Holyrood Church 715 West 179 Street, Upper West side Manhattan, USA, 212-923-3770

Only if you seek to live in harmony with God and with all of God's creation, will you be truly happy



Good morning, happy Thursday, and many blessings.


To cut to the chase, I’d like to ask two questions concerning today’s Gospel (Matthew 7:7-12): One, what does the word, it, refer to?  In other words, when Jesus said, “Ask, and it will be given you,” what might you expect to receive?  And two, what is it in your life?  In other words, if you were to ask God for something, what would it be?


My hunch is this verse is misunderstood and misused because, on the surface, it sounds carte blanche: You can have whatever your heart desires; all you must do is ask.


There are two problems with this way of thinking: First, it piques our materialistic nature and plays on the fantasy that, if we had unlimited resources, we could have anything we wanted, as if, in having it, there’s that word again! -we’d be happy.


The second is that it leads to a boatload of disappointment. We’ve all asked for things that we didn’t get.  Whether it’s asking Santa for a pony for Christmas; or asking the boss for a promotion or a raise; or applying for a scholarship to go to college, we all know what it’s like not to get what we asked for and be disappointed.


But, hey, that’s life.  And as long as it has to do with other people, you can deal with it – they’re only human.  But when God lets you down, it’s a different matter—especially after you’ve been led to believe that you can ask for anything and expect to receive it.  When you ask God for something really important, and you ask sincerely, believing that God will come through, and he doesn’t—well, that’s a bitter pill to swallow: But, Lord, you promised!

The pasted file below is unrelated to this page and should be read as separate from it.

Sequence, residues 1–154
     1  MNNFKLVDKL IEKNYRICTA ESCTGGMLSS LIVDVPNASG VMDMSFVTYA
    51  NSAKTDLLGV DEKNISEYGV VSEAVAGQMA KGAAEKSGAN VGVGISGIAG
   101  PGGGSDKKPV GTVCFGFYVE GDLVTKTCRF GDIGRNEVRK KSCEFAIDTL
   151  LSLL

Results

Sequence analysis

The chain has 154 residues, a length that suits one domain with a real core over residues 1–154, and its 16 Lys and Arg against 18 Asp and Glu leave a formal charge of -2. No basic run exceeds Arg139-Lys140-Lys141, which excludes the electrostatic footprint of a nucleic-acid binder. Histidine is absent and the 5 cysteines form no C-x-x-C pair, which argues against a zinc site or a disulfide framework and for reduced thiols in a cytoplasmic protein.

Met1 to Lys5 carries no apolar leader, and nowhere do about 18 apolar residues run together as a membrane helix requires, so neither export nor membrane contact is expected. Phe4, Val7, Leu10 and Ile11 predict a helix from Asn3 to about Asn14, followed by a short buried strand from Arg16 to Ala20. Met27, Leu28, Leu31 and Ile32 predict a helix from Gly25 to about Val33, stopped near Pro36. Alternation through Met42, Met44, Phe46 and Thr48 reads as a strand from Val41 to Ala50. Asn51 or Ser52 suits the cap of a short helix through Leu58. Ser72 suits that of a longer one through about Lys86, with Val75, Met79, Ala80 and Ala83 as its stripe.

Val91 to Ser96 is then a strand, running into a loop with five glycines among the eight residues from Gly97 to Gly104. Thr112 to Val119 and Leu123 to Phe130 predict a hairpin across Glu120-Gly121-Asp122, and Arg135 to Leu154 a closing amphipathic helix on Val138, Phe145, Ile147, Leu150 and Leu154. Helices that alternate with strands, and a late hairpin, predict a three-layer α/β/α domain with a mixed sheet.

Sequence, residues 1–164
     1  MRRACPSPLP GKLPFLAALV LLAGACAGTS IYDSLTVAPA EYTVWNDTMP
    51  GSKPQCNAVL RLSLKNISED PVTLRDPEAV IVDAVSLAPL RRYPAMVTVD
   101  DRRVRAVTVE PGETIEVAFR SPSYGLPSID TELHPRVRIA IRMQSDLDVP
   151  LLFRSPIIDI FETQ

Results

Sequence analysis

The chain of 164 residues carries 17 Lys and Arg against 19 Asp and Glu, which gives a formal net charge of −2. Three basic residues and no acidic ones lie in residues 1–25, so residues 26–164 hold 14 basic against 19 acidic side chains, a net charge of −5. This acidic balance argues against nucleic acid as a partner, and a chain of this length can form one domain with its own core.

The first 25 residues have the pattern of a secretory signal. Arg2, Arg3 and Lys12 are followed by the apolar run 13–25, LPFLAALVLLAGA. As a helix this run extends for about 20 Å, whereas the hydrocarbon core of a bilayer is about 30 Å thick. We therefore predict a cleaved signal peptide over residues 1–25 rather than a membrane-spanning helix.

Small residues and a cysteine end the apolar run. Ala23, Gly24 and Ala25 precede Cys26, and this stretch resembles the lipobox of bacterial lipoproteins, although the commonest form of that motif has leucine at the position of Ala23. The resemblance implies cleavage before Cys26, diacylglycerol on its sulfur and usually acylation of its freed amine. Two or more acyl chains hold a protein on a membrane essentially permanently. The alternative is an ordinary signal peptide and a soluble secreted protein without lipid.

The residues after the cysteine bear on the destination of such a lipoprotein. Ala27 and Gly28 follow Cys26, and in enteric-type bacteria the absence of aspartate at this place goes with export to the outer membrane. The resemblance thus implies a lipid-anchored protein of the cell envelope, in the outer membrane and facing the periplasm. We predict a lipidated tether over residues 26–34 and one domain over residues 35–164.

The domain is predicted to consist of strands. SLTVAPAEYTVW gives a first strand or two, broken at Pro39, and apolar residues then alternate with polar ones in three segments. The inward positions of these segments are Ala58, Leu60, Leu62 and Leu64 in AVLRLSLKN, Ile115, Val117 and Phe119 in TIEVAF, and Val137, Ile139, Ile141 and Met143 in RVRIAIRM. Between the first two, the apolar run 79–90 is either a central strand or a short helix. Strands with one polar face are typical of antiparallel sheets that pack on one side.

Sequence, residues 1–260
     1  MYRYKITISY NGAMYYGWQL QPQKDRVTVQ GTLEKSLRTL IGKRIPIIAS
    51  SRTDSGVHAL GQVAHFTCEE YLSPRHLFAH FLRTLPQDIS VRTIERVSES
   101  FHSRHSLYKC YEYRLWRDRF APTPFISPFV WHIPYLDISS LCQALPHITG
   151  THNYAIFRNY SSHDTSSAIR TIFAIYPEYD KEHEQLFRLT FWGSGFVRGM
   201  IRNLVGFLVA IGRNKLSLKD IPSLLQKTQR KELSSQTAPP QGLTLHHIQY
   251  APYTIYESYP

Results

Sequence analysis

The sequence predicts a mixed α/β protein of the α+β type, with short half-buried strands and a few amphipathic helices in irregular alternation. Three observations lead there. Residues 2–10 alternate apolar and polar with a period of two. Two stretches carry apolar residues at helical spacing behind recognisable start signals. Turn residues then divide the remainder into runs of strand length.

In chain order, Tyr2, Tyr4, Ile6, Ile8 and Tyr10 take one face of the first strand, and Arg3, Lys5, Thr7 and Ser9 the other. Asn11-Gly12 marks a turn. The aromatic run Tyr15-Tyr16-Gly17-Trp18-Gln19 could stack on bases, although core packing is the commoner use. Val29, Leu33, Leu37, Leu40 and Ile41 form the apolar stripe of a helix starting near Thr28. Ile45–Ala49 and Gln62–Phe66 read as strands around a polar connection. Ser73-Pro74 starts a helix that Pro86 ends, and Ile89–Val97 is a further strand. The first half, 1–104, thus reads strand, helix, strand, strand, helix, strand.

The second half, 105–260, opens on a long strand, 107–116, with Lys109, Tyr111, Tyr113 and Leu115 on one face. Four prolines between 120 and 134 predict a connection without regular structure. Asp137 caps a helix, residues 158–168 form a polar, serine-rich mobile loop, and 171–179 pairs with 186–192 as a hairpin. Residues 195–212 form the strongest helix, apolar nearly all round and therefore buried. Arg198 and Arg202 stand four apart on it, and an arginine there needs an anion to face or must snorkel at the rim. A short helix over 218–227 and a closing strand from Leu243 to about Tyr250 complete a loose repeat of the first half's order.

This falls into the category of unanswered prayer—you ask God for something and, either God doesn’t hear you or God chooses not to give you what you asked for— or, a third possibility, the answer is, “Not now,” which, for the moment, is the same as, “No.”


Here’s what I’d like you to take from this reflection. First, Prayer-time is never wasted. Good things come in prayer even if they are maybe not what we asked for. Prayer opens the heart for good things from God. Be grateful at the end of prayer for time spent with the God of all goodness. Prayer time is always productive by making us people of more love. True prayer brings peace of mind and heart. It also brings the peace of knowing we are loved and of being called into following God.


And second, as long as the it in your life has to do with the things of this world, you’ll fall short.  It’ll never be enough.  Only as you seek to live in harmony with God and the whole of God’s creation will you be truly happy, for this is the promise: If you’re willing to seek God’s kingdom above all else, God will give you all you need for a full and abundant life.  So, go ahead: Ask, and it will be given unto you.




Fr. Luis+

Date news: 
Thursday, February 25, 2021 - 09:30

Ministry at the time of Coronavirus (Covid 19): Prevent, cure and accompany

Now we have to shape what some have started calling; The Church at Home. Although I keep asking myself; What do those who do not have a home do? For this reason, at the same time, I am declaring today in our Holyrood Church a Lenten day of prayer, fasting and reading the Bible in the Time of the Coronavirus.

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